'I've Had It With Medicine!' 16 Options for Second Careers

Leigh Page


July 10, 2014

In This Article

14. Produce CME Presentations

Doctors can help organize and write presentations for companies that host CME for doctors and other health professionals, an industry that generates more than $2 billion in annual sales.

These companies must meet a demanding set of requirements from the Accreditation Council for Continuing Medical Education (ACCME), such as documenting their target audience, stating course objectives, explaining how the course fills gaps in knowledge, and testing participants afterwards.

Talented doctors can rise fast in the CME industry. For example, Dr. Kim joined MCM Education, a small CME company in Pennsylvania, in 2006 and is now President, making an income similar to that of physicians in clinical practice.

Dr. Kim said he brought skills in both writing and computer software to the company. As an MIT undergraduate, he wanted to combine his interest in technology with population-based health, so he enrolled in medical school and trained in internal medicine but didn't go into practice.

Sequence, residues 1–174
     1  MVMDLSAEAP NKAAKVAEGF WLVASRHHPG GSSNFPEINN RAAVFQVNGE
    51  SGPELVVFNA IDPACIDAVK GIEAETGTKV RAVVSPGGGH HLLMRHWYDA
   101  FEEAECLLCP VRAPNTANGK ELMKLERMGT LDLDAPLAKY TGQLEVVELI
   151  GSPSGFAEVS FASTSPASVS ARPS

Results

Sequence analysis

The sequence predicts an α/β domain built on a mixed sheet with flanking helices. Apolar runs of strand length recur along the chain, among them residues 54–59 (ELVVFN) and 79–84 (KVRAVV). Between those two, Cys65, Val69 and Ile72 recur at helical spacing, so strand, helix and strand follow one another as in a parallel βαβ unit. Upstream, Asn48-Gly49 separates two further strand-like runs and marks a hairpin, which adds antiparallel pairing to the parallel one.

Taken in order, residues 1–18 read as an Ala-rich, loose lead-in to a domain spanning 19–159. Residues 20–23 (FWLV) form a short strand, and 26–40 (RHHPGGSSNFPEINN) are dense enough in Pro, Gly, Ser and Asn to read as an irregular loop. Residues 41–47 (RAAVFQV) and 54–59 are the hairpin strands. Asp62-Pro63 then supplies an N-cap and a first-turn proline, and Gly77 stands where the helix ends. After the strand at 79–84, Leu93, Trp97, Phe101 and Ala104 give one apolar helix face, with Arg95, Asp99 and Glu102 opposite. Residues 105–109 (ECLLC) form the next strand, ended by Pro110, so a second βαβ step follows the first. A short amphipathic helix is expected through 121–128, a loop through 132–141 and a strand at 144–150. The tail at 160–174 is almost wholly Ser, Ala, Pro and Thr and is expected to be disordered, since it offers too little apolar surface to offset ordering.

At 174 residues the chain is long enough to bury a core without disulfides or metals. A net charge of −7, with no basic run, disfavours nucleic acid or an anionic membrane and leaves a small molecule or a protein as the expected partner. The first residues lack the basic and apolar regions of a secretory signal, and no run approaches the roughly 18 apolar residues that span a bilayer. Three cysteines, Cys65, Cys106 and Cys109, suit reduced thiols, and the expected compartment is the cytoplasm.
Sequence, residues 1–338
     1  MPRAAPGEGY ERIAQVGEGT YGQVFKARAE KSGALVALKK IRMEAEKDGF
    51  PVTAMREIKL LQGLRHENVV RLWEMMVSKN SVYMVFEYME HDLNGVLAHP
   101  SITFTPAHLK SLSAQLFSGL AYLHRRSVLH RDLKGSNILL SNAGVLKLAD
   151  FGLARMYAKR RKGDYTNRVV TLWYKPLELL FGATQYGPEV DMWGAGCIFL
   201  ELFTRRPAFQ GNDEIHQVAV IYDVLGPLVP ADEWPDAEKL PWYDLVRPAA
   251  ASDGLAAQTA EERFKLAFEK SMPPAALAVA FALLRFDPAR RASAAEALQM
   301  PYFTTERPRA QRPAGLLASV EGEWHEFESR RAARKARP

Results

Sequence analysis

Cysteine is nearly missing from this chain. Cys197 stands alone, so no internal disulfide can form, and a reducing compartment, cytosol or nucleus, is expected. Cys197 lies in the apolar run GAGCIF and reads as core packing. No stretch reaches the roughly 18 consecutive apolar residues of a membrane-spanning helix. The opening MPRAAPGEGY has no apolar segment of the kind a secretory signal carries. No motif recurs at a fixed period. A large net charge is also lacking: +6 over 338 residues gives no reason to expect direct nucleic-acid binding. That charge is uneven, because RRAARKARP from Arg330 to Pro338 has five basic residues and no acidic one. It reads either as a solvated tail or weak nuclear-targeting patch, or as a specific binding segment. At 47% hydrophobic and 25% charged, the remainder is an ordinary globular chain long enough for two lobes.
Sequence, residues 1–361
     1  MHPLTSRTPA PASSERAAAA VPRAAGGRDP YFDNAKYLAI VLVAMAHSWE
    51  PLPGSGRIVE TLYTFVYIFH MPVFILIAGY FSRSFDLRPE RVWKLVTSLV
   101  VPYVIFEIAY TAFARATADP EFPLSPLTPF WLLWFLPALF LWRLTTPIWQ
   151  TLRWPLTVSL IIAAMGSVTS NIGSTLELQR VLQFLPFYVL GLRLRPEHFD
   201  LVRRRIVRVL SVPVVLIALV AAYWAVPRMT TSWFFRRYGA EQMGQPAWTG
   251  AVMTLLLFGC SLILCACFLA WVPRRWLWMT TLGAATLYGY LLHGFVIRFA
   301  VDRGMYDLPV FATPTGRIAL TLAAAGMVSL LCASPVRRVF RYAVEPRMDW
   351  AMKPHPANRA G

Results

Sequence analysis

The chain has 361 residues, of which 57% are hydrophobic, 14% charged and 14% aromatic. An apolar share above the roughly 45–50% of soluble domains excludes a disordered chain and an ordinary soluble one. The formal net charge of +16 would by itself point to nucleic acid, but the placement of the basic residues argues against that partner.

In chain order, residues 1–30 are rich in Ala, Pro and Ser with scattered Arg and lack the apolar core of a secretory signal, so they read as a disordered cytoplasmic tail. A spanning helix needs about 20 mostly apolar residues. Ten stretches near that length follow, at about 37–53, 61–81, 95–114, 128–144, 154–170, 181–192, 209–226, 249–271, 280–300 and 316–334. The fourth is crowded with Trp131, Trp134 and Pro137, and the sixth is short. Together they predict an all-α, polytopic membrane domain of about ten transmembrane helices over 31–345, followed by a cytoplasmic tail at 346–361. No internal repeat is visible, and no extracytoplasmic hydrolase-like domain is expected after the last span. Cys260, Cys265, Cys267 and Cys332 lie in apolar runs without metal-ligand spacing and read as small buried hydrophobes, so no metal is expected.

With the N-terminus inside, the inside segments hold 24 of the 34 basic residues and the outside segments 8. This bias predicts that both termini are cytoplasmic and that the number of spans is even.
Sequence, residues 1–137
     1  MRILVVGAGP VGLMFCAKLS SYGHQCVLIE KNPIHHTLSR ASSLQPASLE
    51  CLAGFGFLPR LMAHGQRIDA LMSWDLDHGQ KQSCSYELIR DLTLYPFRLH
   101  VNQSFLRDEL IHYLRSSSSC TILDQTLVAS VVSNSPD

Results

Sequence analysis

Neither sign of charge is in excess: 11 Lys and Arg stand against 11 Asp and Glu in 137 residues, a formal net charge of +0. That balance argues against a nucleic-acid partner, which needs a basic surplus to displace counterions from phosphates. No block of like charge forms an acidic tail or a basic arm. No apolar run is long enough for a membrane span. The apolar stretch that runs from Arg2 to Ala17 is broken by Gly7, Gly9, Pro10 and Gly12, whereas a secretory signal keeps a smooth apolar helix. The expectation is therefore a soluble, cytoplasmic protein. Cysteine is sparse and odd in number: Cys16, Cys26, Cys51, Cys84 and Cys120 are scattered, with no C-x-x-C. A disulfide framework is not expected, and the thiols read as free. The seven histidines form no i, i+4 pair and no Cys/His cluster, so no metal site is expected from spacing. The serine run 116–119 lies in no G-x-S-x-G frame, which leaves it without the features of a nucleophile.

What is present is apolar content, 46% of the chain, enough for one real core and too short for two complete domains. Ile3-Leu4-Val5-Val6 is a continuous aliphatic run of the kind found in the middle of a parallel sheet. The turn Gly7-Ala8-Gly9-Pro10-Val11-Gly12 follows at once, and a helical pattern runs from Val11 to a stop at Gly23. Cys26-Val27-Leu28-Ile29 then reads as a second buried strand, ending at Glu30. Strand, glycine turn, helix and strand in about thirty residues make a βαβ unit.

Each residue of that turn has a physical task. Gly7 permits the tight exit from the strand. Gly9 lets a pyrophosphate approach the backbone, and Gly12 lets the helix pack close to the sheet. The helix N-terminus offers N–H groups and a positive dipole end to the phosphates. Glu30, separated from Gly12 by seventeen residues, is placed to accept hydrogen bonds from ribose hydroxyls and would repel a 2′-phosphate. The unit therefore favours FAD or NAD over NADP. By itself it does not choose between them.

"I just felt I could apply my skill set better somewhere else," he said. So he went to work at a consumer health company, where he helped build some computer-based education modules. But he preferred writing for doctors, which brought him to CME. He's currently studying for an MBA. "A lot of doctors have to learn executive skills to be successful in business," he said.

According to the ACCME's 2012 Annual Report, the latest available, the total income for accredited CME providers exceeded $2.4 billion in 2012, a 5% increase over 2011. Accredited CME providers differentiate themselves from medical communications companies that work with pharmaceutical companies to provide seminars to doctors. Although CME companies still derive some income from pharma companies, the ACCME report said those payments fell by more than 10% in 2012.

Pluses: Physicians with writing and computer skills can thrive at CME companies.

Minuses: The production process is often cumbersome, because it must meet a variety of accreditation requirements.


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